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Advanced concepts of a task driven factory

A general interface standard for factory automation
: Hoffmeister, Michael

Hoffmeister, Michael (Ed.); Peschl, Michael (Ed.) ; Fraunhofer-Institut für Produktionstechnik und Automatisierung -IPA-, Stuttgart; Harms & Wende GmbH & Co KG, Hamburg:
Knowledge-based manufacturing. XPRESS Proceedings : A new approach for precision assembly industries. Status Colloquium 3-4 May 2011, Stuttgart, Germany
Stuttgart: Fraunhofer IPA, 2012
1 S.
Status Colloquium "Knowledge-based Manufacturing" <2011, Stuttgart>
Fraunhofer IPA ()
knowledge based; manufacturing; Fabrikorganisation; Reihenfolgeplanung; task planning; Fertigungsplanung; flexibles Fertigungssystem; Informationsverarbeitung

The Task Description Document (TDD) allows describing the manufacturing task such, that it can be understood by many machines, even from different vendors. However, by principle, each vendor wants to bring in his specific features to the task description, as well. This counteracts the idea of standardising task descriptions.
In order to solve this issue, the XPRESS approach foresees, that each Manufactron describes its own particularities with respect to the TDD. That is, the Manufactron Self Description (MSD) requests information, which shall be contained within a valid TDD.
When planning the production order, the Production Configuration System requires all Manufactrons to provide their Manufactron Self Description. This allows to decide, which Manufactron is basically capable of fulfilling the manufacturing task. Based on this information, a Task Description Document is generated, which holds sufficient knowledge for all applicable Manufactrons. The specific structure of the TDD permits to hold this superset of information.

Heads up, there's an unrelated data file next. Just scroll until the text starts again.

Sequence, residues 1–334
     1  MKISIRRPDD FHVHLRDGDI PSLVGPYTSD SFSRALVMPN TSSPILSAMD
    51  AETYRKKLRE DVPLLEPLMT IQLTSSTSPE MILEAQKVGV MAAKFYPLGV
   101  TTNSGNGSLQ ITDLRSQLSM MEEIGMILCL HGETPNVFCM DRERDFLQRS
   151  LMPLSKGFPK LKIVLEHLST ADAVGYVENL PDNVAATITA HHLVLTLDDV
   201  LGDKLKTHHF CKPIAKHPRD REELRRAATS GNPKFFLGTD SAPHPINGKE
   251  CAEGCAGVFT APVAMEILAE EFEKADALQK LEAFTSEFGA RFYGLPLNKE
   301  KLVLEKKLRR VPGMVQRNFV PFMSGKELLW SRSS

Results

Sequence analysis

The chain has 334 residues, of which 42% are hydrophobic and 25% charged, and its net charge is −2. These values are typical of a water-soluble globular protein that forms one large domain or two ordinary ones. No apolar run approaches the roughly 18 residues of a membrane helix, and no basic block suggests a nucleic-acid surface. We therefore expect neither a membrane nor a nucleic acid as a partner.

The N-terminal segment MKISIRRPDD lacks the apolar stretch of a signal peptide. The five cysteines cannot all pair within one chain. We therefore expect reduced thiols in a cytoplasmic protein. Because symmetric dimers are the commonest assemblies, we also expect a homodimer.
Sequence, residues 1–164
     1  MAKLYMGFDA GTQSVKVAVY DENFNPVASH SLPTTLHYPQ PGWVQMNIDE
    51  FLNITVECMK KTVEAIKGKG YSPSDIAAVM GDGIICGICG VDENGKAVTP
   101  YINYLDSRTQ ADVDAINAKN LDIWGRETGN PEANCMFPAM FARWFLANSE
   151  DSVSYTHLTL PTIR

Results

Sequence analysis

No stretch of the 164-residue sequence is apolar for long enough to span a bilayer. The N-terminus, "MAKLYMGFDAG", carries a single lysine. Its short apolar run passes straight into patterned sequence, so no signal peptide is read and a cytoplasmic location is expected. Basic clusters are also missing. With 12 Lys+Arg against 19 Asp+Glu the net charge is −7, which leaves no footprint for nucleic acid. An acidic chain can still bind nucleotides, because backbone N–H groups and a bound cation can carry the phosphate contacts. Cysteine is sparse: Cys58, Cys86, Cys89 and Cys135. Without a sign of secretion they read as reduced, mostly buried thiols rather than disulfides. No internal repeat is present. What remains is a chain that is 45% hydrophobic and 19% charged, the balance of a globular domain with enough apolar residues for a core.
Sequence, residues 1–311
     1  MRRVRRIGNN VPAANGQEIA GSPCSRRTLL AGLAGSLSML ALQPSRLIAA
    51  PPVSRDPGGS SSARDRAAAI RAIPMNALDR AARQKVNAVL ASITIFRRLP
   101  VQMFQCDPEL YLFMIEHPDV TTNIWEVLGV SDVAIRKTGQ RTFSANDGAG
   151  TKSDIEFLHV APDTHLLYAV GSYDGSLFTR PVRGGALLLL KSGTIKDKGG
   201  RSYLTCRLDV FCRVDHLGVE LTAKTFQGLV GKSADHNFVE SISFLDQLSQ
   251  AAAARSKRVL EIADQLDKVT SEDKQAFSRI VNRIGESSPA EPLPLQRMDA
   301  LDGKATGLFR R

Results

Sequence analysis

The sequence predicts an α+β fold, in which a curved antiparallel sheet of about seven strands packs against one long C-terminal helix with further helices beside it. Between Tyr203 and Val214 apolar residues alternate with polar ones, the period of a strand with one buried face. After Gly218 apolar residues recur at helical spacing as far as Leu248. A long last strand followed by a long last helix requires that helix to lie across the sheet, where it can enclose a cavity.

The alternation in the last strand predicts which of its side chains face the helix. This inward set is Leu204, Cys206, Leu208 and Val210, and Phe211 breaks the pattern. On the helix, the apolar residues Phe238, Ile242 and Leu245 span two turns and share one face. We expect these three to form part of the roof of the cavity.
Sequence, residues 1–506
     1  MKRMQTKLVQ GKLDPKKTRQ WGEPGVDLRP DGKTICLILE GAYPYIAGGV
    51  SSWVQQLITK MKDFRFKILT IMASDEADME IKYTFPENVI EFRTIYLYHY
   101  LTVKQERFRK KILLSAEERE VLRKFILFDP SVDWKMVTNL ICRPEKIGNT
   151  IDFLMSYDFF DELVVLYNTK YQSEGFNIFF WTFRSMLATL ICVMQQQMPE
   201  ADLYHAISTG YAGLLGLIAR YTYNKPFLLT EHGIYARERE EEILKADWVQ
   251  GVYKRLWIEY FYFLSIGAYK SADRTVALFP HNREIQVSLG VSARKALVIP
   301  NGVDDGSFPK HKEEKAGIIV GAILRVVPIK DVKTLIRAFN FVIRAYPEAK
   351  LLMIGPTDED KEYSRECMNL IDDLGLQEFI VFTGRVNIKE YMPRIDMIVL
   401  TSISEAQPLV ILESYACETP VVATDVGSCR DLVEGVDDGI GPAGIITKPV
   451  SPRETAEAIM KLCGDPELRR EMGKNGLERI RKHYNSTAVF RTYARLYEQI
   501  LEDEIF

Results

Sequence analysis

After generation, this common applicable TDD can be distributed and automatically simulated on multiple Manufactrons to predict costs, product and quality features.
The XPRESS approach turns simple machines and automation elements into "Manufactrons", which are self-standing and providing expertise in order to deal with a multitude of variations. These variations are introduced by preceding process steps, by different materials or by fast changing product designs. In order to cope with constantly changing conditions, the XPRESS concept foresees a well-defined, but open XML document called Task Description Document for interfacing between all levels of the XPRESS hierarchy.
Each Task Description Document complies to this well-defined specification; the goal is to describe a manufacturing task by a set of always understandable knowledge items rather than providing recipe values, which are specific to a single machine.